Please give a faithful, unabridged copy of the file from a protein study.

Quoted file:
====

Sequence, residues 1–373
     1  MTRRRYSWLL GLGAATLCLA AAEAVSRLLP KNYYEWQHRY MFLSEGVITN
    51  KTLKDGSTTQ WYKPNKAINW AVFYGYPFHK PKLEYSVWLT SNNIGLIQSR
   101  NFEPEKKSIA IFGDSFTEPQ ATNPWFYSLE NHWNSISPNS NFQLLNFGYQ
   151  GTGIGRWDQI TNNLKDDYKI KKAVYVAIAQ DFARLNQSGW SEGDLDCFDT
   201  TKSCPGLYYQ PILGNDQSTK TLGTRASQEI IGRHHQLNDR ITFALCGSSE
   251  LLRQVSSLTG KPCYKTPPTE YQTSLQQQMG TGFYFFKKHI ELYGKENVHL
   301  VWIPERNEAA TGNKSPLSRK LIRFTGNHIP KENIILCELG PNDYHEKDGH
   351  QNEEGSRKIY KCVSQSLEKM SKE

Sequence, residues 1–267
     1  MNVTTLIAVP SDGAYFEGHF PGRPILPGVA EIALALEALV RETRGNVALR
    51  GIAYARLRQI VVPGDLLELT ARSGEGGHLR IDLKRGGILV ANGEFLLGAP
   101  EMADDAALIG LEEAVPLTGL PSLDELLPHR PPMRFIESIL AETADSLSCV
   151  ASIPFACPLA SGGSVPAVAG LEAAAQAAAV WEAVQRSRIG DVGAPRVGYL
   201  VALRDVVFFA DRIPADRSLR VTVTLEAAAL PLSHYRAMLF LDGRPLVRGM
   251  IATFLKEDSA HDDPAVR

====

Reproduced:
Sequence, residues 1–373
     1  MTRRRYSWLL GLGAATLCLA AAEAVSRLLP KNYYEWQHRY MFLSEGVITN
    51  KTLKDGSTTQ WYKPNKAINW AVFYGYPFHK PKLEYSVWLT SNNIGLIQSR
   101  NFEPEKKSIA IFGDSFTEPQ ATNPWFYSLE NHWNSISPNS NFQLLNFGYQ
   151  GTGIGRWDQI TNNLKDDYKI KKAVYVAIAQ DFARLNQSGW SEGDLDCFDT
   201  TKSCPGLYYQ PILGNDQSTK TLGTRASQEI IGRHHQLNDR ITFALCGSSE
   251  LLRQVSSLTG KPCYKTPPTE YQTSLQQQMG TGFYFFKKHI ELYGKENVHL
   301  VWIPERNEAA TGNKSPLSRK LIRFTGNHIP KENIILCELG PNDYHEKDGH
   351  QNEEGSRKIY KCVSQSLEKM SKE

Sequence, residues 1–267
     1  MNVTTLIAVP SDGAYFEGHF PGRPILPGVA EIALALEALV RETRGNVALR
    51  GIAYARLRQI VVPGDLLELT ARSGEGGHLR IDLKRGGILV ANGEFLLGAP
   101  EMADDAALIG LEEAVPLTGL PSLDELLPHR PPMRFIESIL AETADSLSCV
   151  ASIPFACPLA SGGSVPAVAG LEAAAQAAAV WEAVQRSRIG DVGAPRVGYL
   201  VALRDVVFFA DRIPADRSLR VTVTLEAAAL PLSHYRAMLF LDGRPLVRGM
   251  IATFLKEDSA HDDPAVR